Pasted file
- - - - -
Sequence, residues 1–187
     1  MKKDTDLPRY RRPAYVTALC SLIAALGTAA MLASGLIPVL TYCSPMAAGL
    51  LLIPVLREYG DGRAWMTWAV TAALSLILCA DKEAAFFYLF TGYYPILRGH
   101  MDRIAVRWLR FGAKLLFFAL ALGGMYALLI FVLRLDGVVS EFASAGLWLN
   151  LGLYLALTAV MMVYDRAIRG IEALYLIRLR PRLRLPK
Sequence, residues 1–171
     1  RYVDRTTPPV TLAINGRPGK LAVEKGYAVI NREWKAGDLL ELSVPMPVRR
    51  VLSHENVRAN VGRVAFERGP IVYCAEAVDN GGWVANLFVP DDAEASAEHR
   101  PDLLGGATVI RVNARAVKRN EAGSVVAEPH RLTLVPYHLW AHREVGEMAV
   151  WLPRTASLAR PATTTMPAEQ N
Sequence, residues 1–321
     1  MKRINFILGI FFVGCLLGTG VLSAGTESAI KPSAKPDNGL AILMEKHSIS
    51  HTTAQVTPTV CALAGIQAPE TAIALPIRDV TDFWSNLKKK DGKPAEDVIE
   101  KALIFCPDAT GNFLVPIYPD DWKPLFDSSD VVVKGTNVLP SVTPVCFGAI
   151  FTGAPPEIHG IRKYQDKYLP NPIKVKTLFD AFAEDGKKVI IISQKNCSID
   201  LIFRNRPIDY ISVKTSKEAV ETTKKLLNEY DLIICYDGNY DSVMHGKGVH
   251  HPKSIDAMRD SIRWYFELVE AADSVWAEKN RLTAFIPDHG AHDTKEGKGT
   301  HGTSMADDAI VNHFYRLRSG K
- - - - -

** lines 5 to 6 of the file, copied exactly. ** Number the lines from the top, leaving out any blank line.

   151  LGLYLALTAV MMVYDRAIRG IEALYLIRLR PRLRLPK
Sequence, residues 1–171